You’re probably going to say (or think) that “That’s exactly why teachers spend years at university!” and indeed I applaud and respect them (and everyone) who does that. But that doesn’t make it fair to essentially imply that anyone who doesn’t do that doesn’t deserve even close to a living wage. Not everyone can go to college to get a better wage. Some people are stuck for periods of time at minimum wage and you don’t see all of us striking, do you?

        Some people need to remember that just because you *can*, doesn’t mean you *should*. Sometimes you should just be quietly grateful for what you have and remind yourself that there’s people who have it a LOT worse than you. We’re in the middle of a recession and there are thousands without any job and thousands more who’ve been struggling for years at a minimum wage that hasn’t gone up even though the cost of living has skyrocketed during the time when teachers were getting more and more ‘benefits’ and wage increases.


        There’s almost no work coming home. Thus far this year I’ve received home several spelling tests in the last month and that is essentially it. There’s no comment on anything, even if there are wrong answers and half the time they’re not even corrected. Heck, there isn’t even an x beside them. So screaming at parents that they need to check comments on work coming home doesn’t exactly work if nothing is coming home but doodle drawings and crafts and the occasional spelling test with a few tick-marks and that’s it. I’m involved with my teacher but just saying.

  278. Mr. C (EA) Says:

    This letter about education in B.C. should be mandatory reading for all who are caught up in the continuing decline of our educational system.This includes the government, parents, educators and anyone who has a concern about our future. I thoroughly enjoyed reading this article and thank you for putting into words the thoughts of so many.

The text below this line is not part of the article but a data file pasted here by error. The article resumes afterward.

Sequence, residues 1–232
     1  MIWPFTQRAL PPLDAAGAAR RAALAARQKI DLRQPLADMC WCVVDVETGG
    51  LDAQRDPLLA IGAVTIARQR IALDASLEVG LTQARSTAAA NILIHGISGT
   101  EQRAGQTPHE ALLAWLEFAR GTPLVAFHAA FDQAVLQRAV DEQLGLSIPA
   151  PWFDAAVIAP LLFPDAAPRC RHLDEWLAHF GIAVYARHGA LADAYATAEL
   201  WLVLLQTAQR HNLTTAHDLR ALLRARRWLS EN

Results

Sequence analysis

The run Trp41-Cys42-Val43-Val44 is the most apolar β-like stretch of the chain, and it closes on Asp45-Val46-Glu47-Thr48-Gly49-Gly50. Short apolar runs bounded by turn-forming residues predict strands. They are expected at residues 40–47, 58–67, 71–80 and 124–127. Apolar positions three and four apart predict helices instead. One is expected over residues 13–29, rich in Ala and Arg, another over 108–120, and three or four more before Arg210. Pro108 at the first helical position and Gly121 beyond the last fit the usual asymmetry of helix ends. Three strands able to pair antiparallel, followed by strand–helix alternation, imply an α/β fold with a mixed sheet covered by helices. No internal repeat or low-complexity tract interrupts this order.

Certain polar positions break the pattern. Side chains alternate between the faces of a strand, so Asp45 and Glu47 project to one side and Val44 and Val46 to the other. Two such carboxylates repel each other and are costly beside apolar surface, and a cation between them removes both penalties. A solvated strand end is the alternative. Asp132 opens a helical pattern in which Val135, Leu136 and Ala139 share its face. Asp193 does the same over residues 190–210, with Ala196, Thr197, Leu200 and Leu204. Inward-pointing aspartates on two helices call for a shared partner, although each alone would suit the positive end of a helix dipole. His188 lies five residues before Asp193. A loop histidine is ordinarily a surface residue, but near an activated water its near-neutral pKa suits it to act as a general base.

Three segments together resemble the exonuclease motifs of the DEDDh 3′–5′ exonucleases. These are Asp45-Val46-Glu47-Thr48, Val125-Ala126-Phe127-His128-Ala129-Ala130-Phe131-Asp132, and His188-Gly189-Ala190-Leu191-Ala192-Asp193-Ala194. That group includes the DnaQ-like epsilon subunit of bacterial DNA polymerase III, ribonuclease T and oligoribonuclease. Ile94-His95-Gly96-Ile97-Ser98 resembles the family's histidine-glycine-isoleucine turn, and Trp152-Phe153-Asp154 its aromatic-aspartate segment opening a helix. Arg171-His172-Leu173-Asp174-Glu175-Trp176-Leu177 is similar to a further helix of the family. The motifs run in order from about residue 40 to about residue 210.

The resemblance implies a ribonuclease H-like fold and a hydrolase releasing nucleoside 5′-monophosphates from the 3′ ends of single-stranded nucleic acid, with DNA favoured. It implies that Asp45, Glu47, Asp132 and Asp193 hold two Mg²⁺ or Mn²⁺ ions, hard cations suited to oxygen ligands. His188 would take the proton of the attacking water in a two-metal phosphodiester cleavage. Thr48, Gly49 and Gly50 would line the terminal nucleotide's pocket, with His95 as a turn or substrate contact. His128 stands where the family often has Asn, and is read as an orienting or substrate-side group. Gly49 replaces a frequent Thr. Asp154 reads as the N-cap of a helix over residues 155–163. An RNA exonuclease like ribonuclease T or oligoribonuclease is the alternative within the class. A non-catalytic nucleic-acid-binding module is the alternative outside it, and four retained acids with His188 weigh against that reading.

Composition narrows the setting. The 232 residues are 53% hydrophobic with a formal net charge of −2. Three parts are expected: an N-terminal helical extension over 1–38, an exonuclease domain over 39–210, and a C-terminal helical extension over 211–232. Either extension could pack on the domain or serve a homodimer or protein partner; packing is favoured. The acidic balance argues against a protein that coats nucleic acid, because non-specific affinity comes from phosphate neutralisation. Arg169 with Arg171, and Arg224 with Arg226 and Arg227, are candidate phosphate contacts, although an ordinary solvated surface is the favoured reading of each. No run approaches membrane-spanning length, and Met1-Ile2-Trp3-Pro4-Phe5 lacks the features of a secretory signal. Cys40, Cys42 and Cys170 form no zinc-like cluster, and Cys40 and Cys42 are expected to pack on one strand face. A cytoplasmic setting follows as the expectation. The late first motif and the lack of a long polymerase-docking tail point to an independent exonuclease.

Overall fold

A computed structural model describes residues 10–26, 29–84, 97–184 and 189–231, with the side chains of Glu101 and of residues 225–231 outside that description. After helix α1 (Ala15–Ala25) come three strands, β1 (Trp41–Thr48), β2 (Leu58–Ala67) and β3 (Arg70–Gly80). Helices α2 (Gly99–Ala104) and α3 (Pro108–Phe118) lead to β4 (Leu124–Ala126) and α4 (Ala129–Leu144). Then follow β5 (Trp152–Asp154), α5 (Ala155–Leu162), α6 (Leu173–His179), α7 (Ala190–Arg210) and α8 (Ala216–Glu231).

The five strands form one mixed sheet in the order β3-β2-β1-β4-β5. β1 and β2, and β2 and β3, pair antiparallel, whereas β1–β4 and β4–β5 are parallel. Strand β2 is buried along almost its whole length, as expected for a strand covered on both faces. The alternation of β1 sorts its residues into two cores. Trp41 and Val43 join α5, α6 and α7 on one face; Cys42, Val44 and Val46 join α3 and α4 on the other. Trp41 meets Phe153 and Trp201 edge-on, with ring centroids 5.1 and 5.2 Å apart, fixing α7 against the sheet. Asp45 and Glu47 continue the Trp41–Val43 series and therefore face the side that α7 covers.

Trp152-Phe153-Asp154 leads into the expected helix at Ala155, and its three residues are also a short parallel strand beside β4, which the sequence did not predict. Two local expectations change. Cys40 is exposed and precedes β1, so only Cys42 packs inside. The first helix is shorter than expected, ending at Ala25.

279. Nanct Gleeson Says:

    You hit it ALL right on! Thanks for taking the time to write it all so eloquently!
    Nancy Gleeson. TL Langley SD#35

  280. My daughter’s not old enough for school, yet, but she will be, in a year and a half. My husband and I have accepted that she will not get a complete education in the public school system, a system which has been systematically gutted for the past 40 years. Accepted as a reality of life, but we’re angry about it. We’re angry about MLA’s getting raises and BC Place getting a new roof and the Olympics. We’re angry about crumbling schools and exhausted, over-worked teachers. We’re relieved that our child is neither delayed nor a genius, because we know the school system couldn’t handle it if she was.

    We’re not considering home schooling, in the fact of this. Why? Because we’re not qualified to teach our daughter. We’re not teachers. That’s your job. And you worked hard for the credentials to do it, and you can give her things we can’t. Like an education. But only if you have what you need to do your job.

    This shouldn’t even be an issue. You shouldn’t have to fight for the right to fight for your rights. It’s absurd. It’s yet another appalling waste of time and resources which have already been diminished too much.

    I know the reality. I know that you go home after a long day of negotiating, resolving conflicts, performing, shifting mental focus, inspiring, threatening, joking, pleading and pushing, and come home to a long evening of grading, prepping and writing. I know that you spend half of your “two months off” preparing for the next school year. I know that you are charged with overcoming a mountain of obstacles you did not create, from insufficient materials to your students’ lack of nutrition, bullying in the school yard, bullying at home, sick days, family vacations, interpersonal dramas and parents’ divorce. I know that you struggle, every day, to keep your eye on the bigger picture; to not get bogged down in the day-to-day frustrations and grind, and remember the incredibly important and life-shaping job you have. It’s easy to lose track of, especially when you feel like no one else recognizes it.